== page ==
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DLA expands support to treat USCG more like traditional military services Photos DOD

The Coast Guard Cutter Shearwater, an 87-foot patrol boat, leads the Parade of Ships during Operation Sail 2012, June 6, in Norfolk, Va. The Defense Logistics Agency is working to expand its support to the service, including consumable commodities and all items common to the military services.

NORFOLK, Va. - Though it reports to the Department of Homeland Security, the U.S. Coast Guard functions much like a traditional military service and has many of the same supply needs, so the Defense Logistics Agency is working to expand its support to the Coast Guard to help the service accomplish its missions more effectively and efficiently.

DLA’s partnership with the Coast Guard first began in 2006 with a memorandum of agreement between the service and DLA Energy, said Heidi Byers, who until recently was the customer account manager for the Coast Guard. Since then, DLA and the Coast Guard have established several more agreements, to include performance-based agreements for engineering and cataloging support and an overarching interagency agreement for supplies and services.

This interagency agreement, which was signed in 2011, established a formal relationship between the Coast Guard and DLA and set the stage for expanding support in the future, said David Kless, National Account Manager for international and federal programs. That agreement allows DLA to support the Coast Guard with any of its consumable commodities and includes all items common to the other military services, Kless said.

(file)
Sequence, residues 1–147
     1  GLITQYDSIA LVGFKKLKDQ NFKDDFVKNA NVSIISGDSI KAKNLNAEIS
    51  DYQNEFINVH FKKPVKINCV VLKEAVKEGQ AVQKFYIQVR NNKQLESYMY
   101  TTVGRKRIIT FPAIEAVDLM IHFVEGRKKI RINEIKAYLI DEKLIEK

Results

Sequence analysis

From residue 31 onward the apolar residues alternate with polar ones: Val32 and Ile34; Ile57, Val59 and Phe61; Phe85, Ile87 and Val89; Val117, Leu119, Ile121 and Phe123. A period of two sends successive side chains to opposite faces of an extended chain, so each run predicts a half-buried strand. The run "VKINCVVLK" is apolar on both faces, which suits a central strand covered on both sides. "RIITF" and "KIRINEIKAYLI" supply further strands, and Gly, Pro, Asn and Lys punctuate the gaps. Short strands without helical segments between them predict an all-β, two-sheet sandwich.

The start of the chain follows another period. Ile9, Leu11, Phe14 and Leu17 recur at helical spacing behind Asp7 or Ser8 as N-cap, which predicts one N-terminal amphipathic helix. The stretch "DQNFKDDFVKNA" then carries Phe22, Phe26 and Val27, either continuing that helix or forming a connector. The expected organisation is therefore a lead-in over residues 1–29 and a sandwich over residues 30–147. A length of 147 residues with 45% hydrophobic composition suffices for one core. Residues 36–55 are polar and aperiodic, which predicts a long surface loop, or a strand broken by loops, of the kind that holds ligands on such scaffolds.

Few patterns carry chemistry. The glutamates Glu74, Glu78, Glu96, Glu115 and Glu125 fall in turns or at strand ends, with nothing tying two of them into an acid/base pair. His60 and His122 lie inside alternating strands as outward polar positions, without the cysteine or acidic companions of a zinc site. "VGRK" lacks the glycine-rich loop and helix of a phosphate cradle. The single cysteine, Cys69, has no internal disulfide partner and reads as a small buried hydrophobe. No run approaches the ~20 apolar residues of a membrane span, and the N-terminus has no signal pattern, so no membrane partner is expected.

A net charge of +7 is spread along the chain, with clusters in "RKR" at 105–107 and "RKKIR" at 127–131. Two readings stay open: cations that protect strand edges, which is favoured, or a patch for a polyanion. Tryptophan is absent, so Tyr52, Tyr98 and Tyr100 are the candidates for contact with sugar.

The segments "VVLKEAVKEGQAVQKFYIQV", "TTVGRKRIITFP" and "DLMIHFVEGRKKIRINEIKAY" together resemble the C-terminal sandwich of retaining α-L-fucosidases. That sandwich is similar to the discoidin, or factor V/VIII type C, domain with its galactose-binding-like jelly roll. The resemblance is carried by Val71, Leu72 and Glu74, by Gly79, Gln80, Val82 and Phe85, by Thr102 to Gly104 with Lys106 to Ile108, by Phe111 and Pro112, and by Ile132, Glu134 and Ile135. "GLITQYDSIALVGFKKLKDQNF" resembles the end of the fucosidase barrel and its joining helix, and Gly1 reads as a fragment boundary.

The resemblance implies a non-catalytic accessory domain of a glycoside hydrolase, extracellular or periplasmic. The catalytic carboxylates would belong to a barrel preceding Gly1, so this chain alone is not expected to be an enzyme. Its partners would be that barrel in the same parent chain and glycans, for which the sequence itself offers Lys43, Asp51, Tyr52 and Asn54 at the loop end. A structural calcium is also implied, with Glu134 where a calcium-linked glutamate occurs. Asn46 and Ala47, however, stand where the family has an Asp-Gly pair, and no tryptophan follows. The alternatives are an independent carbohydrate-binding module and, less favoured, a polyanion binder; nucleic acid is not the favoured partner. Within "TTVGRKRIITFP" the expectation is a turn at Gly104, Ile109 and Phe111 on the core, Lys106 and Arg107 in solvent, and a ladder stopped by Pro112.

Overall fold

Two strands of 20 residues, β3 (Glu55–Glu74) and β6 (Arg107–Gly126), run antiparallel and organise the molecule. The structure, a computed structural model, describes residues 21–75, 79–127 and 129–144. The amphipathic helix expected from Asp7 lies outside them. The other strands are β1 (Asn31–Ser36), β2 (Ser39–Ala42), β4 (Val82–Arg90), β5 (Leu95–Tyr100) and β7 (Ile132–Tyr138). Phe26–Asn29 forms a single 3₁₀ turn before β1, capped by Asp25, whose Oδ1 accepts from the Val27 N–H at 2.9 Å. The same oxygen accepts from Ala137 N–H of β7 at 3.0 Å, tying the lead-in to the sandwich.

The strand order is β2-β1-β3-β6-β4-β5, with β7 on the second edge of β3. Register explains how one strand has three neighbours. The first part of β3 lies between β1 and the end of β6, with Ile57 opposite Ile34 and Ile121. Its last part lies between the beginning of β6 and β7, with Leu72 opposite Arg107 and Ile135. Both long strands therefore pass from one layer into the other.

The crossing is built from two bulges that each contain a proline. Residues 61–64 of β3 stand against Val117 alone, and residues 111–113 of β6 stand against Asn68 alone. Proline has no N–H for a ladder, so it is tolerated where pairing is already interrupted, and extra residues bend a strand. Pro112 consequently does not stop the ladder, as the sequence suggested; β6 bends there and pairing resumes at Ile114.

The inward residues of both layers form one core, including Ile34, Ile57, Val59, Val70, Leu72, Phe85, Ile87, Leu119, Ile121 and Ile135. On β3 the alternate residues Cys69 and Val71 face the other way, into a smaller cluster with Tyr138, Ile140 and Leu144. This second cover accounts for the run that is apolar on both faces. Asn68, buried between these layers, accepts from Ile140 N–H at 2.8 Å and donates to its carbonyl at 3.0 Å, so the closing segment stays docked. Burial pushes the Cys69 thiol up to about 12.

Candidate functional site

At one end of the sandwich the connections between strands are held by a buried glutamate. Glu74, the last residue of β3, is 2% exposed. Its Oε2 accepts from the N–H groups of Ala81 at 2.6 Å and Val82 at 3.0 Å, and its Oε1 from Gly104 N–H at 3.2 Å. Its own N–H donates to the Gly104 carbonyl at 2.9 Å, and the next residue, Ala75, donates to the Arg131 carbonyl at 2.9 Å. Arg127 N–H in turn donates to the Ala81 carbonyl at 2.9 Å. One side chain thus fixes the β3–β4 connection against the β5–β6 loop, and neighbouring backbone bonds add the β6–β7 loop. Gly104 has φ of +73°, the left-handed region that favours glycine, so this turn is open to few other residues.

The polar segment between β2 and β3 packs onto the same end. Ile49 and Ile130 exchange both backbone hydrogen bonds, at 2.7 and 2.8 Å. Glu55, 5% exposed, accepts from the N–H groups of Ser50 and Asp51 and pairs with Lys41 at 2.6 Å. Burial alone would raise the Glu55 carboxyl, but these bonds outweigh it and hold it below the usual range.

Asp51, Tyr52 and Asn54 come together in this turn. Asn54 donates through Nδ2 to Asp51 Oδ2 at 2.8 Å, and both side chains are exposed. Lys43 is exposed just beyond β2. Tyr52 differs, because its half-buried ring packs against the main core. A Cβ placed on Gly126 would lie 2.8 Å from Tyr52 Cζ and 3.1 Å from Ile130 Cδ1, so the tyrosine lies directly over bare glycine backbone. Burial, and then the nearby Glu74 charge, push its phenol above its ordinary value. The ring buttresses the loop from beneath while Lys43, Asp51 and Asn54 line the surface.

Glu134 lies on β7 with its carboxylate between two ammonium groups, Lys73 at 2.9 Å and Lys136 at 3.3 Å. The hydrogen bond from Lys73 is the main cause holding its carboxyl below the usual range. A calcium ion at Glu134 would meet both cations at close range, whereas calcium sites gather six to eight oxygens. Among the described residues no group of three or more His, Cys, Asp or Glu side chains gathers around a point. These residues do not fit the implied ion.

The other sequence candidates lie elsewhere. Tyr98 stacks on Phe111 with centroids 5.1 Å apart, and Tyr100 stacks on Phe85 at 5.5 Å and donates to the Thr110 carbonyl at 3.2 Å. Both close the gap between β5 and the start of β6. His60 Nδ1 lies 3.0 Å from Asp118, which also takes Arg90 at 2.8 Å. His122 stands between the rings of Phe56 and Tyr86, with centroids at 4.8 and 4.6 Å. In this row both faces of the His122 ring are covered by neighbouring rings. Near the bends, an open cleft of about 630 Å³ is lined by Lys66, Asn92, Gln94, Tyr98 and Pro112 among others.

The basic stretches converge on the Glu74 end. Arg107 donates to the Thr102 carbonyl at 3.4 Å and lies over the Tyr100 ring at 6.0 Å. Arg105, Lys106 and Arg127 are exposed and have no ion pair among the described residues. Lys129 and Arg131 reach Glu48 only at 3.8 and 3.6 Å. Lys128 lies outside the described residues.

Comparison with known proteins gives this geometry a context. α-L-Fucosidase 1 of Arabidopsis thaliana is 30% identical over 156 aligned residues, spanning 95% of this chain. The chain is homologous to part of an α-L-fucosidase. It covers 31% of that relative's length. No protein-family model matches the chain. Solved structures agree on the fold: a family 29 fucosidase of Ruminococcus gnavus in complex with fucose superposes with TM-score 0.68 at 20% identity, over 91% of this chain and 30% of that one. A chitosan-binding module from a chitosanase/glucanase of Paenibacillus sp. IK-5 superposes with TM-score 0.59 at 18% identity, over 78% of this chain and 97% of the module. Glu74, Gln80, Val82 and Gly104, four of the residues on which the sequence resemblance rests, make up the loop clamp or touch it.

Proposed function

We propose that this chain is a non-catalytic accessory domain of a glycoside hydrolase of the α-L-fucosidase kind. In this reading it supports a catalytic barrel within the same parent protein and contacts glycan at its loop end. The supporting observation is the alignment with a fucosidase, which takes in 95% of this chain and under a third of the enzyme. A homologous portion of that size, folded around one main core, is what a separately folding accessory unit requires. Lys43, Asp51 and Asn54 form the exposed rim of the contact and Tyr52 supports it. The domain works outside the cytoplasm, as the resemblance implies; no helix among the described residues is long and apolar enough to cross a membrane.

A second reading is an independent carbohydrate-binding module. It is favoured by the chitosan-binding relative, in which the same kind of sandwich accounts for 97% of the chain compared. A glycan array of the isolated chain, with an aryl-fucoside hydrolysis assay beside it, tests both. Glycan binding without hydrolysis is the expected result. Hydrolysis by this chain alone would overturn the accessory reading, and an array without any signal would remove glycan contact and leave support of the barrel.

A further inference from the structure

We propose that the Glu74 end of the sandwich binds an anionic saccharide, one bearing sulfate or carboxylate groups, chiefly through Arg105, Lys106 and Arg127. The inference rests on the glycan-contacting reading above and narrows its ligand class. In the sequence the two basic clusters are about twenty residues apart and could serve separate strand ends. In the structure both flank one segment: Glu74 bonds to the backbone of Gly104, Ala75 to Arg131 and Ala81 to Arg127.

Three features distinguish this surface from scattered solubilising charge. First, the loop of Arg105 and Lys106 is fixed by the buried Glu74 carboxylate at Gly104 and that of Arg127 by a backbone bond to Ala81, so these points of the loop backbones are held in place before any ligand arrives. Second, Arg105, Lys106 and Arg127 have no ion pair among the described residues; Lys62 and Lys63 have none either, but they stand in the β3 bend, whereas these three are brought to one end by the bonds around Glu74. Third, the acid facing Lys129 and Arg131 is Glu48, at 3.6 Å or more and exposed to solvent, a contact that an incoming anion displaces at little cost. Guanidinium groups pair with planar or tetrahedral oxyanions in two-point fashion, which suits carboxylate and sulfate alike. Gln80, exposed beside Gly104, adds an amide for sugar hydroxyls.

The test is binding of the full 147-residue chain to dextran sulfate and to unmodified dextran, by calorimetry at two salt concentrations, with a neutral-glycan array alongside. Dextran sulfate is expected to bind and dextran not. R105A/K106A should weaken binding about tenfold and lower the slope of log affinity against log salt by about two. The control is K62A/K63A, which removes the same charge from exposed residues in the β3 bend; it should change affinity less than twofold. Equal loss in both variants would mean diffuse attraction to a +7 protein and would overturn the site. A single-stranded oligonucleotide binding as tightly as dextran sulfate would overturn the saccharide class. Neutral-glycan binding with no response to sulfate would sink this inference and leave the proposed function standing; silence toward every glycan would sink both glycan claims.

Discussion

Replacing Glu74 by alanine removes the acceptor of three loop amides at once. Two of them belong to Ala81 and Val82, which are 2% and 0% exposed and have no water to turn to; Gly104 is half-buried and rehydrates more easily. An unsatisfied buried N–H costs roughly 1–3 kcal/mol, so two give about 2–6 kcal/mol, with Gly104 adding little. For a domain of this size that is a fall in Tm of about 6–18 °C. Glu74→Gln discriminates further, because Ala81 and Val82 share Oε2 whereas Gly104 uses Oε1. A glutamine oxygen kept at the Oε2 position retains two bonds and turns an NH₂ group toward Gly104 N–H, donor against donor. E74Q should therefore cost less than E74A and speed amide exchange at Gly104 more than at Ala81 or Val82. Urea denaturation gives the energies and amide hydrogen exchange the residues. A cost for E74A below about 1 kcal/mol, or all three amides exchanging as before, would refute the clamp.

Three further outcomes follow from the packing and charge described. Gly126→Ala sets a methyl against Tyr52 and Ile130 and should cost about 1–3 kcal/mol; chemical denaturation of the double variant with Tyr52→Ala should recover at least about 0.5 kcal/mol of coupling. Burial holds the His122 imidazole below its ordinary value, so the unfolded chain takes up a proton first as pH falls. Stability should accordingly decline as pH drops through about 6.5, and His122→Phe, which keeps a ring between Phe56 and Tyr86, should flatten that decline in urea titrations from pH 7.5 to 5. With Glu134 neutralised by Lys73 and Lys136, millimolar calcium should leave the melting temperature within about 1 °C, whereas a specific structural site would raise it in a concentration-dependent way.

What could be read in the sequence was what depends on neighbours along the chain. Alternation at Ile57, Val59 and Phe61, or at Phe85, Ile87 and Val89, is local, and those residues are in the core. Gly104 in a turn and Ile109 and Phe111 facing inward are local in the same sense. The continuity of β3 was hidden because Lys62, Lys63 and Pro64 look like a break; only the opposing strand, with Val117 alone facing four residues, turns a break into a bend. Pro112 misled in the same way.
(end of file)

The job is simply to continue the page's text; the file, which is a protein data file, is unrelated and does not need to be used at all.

Because the Coast Guard has many similar missions to the military and can be called upon to serve the Defense Department in a time of war, DLA is working to expand the way it supports the Coast Guard, Kless said. The ultimate goal, he said, is to have the Coast Guard on the same level as any other military service, where the agency can provide items unique to that service and manage all consumable items for the service.

“If you take out the fact that the Coast Guard falls under [the Department of Homeland Security], they look, smell and feel just like a military service,” Kless said. “They have aircraft, they have boats, so therefore, their customer requirements are very similar to the other services.”

Currently, the Coast Guard manages its own consumable items and goes directly to vendors to purchase these items, Kless said. Most of these vendors are the same ones DLA works with for the traditional military services, he noted, so the Coast Guard is in effect competing with DLA in the consumables market. Also, spending a lot of time on inventory management detracts from the Coast Guard’s real-world missions.

“Right now, from a federal government perspective, it costs the federal government more for the Coast Guard to manage their inventory because there’s no visibility of that inventory outside the USCG and it is managed using a stovepipe approach,” Kless said. “Quite often, the increase in cost is a result of other services and agencies competing with DLA for the same sources of supply. Inventory management is a core competency for DLA, and by having DLA manage USCG consumable inventory using the same methodology as other services, DLA is able to leverage our buying power, our economies of scale, and provide visibility of that inventory across all the services.”